Keeping innate immunity at bay
KeywordsInflammatory Bowel Disease Innate Immune Response Excessive Production Bacterial Cell Wall Innate Immune Cell
Toll-like receptors (TLRs) recognize pathogen-associated products, such as components of the bacterial cell wall, and activate macrophages and other innate immune cells through a signaling cascade involving serine/threonine kinases of the IRAK family. Richard Flavell and co-workers from Yale University School of Medicine, New Haven, Connecticut report in 26 July Cell that at least one member of the IRAK family, IRAK-M, is a negative regulator of TLR signaling (Cell 2002, 110:191-202). They suggest IRAK-M controls a balance between the innate immune response and excessive production of cytokines, which can be potentially harmful to the host.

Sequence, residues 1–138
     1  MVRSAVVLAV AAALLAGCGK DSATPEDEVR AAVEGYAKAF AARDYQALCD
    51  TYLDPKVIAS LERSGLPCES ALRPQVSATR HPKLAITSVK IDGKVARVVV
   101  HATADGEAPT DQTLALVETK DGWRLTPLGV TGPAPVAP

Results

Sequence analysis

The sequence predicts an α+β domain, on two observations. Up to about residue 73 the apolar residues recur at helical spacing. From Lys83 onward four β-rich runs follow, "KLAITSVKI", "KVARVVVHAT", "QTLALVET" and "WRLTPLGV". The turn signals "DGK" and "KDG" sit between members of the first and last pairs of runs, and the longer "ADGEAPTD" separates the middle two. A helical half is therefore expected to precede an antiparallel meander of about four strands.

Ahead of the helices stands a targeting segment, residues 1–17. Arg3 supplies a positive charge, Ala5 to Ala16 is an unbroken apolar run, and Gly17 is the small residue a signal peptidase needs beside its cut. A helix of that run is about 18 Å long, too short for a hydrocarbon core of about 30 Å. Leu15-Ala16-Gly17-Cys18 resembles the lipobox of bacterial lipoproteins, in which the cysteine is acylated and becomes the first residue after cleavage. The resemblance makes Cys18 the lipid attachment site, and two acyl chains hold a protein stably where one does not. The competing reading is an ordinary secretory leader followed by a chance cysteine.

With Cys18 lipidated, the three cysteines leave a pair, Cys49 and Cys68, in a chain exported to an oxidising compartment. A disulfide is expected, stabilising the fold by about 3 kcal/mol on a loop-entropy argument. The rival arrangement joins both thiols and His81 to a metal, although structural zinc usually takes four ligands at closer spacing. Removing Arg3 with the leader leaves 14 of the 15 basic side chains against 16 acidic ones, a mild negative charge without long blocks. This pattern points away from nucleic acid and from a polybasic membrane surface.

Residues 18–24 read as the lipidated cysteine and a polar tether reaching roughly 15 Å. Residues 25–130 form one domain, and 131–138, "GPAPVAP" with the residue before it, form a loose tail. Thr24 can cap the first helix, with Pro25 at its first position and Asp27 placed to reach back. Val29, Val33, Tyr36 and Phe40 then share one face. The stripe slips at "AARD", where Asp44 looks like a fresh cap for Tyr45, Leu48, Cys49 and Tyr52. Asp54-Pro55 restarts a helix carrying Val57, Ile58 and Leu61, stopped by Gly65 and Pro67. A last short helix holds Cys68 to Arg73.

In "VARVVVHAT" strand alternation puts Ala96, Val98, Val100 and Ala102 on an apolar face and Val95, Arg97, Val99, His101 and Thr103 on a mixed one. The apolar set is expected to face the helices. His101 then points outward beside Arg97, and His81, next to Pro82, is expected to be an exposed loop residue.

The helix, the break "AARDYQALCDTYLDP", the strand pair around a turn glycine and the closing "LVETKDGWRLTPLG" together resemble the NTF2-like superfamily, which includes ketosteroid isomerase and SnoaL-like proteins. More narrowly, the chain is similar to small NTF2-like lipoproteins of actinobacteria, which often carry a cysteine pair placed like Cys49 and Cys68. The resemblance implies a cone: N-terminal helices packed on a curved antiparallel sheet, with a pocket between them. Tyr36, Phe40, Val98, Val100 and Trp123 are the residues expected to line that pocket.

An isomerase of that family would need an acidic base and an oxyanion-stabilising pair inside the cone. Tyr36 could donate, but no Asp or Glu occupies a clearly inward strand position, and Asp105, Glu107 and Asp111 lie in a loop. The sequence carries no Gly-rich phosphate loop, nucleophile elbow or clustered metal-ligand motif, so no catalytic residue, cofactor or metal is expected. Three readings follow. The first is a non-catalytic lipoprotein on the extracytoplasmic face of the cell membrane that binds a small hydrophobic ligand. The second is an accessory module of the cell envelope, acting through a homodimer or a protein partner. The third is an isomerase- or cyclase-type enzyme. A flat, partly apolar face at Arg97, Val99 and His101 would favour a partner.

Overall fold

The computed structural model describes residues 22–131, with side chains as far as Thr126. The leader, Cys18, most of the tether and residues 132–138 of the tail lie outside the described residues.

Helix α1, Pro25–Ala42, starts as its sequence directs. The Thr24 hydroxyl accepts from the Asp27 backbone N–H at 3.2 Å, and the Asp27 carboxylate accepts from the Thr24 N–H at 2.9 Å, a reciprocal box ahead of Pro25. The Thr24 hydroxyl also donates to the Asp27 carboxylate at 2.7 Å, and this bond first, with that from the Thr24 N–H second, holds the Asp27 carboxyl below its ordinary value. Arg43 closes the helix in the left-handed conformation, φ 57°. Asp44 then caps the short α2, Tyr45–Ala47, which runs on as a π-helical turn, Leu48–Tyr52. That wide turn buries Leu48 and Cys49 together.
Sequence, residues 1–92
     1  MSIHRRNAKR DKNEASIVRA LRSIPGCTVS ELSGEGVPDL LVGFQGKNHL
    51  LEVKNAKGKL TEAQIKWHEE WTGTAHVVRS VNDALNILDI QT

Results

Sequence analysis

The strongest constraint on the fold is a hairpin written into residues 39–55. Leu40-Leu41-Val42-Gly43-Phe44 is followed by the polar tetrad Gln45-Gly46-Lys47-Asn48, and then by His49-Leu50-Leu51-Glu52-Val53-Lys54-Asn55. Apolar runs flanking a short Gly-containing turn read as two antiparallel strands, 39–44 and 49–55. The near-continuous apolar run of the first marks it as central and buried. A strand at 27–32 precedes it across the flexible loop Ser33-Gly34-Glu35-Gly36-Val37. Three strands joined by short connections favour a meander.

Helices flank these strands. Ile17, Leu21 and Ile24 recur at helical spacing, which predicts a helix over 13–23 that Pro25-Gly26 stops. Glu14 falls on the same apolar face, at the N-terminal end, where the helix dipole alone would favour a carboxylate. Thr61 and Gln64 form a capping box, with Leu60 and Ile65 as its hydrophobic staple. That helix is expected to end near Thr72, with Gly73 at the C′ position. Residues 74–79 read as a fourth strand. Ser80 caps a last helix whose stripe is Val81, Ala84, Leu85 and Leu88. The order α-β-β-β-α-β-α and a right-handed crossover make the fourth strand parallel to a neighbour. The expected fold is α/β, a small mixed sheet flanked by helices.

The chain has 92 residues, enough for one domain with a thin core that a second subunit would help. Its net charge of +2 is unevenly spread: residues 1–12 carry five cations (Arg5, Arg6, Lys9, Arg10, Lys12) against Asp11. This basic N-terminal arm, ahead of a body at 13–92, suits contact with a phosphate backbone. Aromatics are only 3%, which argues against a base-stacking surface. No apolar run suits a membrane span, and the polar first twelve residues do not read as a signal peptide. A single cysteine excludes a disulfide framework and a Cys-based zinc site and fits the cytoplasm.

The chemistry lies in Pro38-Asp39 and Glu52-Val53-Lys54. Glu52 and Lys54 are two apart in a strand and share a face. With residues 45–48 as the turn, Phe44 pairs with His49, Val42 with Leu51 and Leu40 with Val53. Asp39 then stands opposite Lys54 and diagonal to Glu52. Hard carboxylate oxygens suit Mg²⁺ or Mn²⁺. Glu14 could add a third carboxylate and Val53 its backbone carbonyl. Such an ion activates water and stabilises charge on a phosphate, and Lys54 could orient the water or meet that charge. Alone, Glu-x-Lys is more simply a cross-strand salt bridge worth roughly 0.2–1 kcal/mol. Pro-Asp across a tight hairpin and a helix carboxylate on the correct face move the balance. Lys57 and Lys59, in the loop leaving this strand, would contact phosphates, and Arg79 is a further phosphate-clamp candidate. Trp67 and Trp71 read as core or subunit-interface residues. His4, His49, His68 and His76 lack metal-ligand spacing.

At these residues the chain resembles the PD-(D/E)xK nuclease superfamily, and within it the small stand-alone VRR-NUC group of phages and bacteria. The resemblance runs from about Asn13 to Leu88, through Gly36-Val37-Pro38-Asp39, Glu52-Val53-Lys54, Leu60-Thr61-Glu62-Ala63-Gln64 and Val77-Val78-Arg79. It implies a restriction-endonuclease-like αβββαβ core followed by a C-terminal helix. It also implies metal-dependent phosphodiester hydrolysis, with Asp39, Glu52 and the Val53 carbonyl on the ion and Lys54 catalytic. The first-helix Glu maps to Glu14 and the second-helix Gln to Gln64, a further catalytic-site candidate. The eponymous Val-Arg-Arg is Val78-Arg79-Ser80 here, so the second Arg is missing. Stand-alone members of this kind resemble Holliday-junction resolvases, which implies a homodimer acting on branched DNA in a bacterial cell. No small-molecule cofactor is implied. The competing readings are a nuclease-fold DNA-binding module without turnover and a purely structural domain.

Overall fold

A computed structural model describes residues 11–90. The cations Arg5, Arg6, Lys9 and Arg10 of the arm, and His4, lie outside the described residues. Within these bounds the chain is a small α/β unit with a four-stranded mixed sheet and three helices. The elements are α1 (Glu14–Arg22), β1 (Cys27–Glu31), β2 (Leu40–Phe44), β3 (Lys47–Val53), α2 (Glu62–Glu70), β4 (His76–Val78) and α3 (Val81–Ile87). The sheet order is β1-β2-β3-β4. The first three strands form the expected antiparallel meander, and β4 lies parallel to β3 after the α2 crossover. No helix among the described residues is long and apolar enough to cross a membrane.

Kobayashi et al. show that lack of IRAK-M causes increased production of inflammatory cytokines, including interleukin-6 and tumor-necrosis factor α, and an enhanced inflammatory response in the gut of IRAK-M-/- mice infected with the Gram-negative pathogen Salmonella typhimurium. IRAK-M-/-macrophages did not develop endotoxin tolerance to the bacterial lipopolysaccharide, a little-understood regulatory mechanism that protects from endotoxic shock. TLR signaling following stimulation of macrophages was enhanced in the absence of IRAK-M, and immunoprecipitations suggested that, in wild-type mice, IRAK-M inhibits the release of activating IRAK kinases from the TLR signaling complex, thereby blocking downstream signaling events.
Kobayashi et al. conclude that the negative regulatory function of IRAK-M may be required for preventing endotoxic shock and immunopathologies such as Crohn's and other inflammatory bowel diseases.
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